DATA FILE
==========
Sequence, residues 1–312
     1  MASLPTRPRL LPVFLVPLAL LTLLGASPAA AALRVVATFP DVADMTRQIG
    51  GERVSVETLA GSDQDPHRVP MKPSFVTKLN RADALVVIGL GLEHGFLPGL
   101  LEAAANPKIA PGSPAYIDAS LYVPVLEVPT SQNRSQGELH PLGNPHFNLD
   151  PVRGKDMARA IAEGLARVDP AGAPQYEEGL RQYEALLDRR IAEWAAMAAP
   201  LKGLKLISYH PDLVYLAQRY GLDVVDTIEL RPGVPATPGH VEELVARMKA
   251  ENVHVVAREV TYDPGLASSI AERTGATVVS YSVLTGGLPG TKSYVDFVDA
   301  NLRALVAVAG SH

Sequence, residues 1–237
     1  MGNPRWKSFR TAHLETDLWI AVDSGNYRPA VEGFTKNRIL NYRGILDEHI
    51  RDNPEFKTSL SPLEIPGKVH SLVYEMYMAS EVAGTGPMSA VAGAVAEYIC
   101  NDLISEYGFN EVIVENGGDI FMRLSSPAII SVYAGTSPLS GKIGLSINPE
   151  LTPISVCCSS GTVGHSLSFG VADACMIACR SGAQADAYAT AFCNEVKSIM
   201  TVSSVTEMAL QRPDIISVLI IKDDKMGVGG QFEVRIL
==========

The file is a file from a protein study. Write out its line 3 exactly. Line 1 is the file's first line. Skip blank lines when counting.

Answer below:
    51  GERVSVETLA GSDQDPHRVP MKPSFVTKLN RADALVVIGL GLEHGFLPGL